Archive for the ‘B-Daddy’ Category
Single family housing that are used for short-term vacation rentals through web services such as Airbnb or VRBO have gotten negative attention here in San Diego of late. Even though the complainants point to specific behaviors they dislike, the underlying tone of the discussion is that they don’t like the sort of people who come to America’s Finest City to vacation.
As long as the voters of San Diego are willing to punish politicians for subsidizing a new Chargers stadium, or as long as the law is interpreted that such subsidies require a public vote, there is no way that the Chargers can remain in San Diego for much longer. Numerous studies have shown that the value of a football stadium to a city is never more than the amount of money plowed into subsidies, so there will never be a viable economic argument for a new stadium, and I think San Diegans understand that. See Pacific-Standard for a great summary of the issue in general in America.
From the U-T:
The City Council voted 6-3 on Monday to reject plans to build three homes on the Jessop estate in Point Loma, adding to the single one built in 1926.
. . .
“When you have properties this big, you shouldn’t be putting the houses 12 feet apart,” said Council President Sherri Lightner, adding that the design would make firefighting difficult. “I have grave concerns about public safety.”
Councilwoman Lorie Zapf, whose district includes Point Loma, said she could support adding development to the site, but not this particular proposal for La Crescentia Drive because of the locations of the new homes.
Monday’s council vote was actually in favor of a resident’s appeal of the Planning Commission’s approval of the proposed subdivision last June.
. . .
The owner of the property, Carolyn Kutzke, has been trying for several years to develop it.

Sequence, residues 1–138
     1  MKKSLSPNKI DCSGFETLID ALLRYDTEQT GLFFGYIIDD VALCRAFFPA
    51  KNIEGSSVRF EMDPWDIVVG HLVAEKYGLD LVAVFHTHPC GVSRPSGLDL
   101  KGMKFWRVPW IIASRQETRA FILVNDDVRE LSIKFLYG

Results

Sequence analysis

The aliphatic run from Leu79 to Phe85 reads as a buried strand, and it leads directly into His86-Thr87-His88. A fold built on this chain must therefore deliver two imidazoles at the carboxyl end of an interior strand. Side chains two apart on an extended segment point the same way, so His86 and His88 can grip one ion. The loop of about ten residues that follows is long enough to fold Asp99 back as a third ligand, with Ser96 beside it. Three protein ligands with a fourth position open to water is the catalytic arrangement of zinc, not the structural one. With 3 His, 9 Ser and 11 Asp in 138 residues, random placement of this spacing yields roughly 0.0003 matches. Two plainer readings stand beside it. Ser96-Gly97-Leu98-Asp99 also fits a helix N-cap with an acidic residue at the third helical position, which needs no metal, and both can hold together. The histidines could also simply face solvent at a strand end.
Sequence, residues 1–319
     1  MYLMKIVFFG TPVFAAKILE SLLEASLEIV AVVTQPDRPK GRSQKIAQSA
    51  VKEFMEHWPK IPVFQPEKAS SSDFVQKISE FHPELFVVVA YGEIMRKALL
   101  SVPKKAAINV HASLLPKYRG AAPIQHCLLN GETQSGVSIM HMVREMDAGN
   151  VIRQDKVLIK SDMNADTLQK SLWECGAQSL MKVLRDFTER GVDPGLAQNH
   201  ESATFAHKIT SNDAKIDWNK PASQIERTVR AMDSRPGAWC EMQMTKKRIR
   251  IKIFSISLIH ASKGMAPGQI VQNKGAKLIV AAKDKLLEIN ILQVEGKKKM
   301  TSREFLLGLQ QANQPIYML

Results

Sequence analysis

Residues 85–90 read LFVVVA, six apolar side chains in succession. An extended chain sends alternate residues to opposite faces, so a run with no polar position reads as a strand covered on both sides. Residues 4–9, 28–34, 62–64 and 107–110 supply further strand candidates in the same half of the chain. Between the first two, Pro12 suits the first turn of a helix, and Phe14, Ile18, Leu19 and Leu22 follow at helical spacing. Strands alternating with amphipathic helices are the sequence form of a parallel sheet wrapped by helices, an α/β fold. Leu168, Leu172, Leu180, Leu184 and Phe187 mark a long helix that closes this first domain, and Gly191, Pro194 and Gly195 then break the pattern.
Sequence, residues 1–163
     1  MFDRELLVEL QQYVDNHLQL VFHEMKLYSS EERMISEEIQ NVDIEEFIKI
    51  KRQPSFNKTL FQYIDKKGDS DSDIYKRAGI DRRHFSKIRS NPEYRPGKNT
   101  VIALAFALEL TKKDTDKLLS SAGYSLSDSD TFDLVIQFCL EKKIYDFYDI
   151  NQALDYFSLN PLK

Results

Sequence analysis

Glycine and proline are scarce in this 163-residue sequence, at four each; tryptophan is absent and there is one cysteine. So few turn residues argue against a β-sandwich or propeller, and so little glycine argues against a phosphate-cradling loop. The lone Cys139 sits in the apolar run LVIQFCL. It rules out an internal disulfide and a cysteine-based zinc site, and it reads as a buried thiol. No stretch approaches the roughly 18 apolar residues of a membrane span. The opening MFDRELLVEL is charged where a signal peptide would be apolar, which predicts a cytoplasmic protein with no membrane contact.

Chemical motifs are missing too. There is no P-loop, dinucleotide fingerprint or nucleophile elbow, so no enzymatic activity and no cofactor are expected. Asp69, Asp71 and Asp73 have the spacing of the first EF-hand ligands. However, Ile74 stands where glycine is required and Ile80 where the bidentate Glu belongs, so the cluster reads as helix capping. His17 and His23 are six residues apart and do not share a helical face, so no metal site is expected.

There is a petition on change.org asking the mayor and the City Council to ban short-term rentals in the city of San Diego. I’m not going to link to the petition because I don’t want you to sign it. A total ban would be ridiculous and an invitation for people to just flaunt the law. However, there are some issues that ought to be dealt with regarding short-term rentals. Some negative comments about short term rentals from my neighbors on Next Door.
I walked in today’s Raise the Balloon event down Morena Blvd. It was a great day for a walk and by my estimate, about 350 people showed up; joining at various points along the walk. I didn’t learn much new about the problem, except the assertion that there is a lot of obfuscation at city hall as to who has the authority over this proposed change to zoning. Allegedly, the planning commission has nothing to do with this, according to one of my co-marcher. The change is a set-up, to automatically kick in when the trolley extension is built and blame it on SB 375 mandates to allow politicians to avoid responsibility for a clearly unpopular move. More research is needed to judge the accuracy of this assertion.
In an earlier post, I laid bare the hypocrisy and mendacity of the effort to rezone Morena. Saturday, September 27, at 10:00 a.m., you have the chance to protest the green grifters and their plans for a whoreticulture of high-rises in Bay Park. There will be a march along Morena by the “folks” whose neighborhood is under siege on the unproven theory that density is destiny, as far as carbon is concerned.
From the Raise the Balloon web site: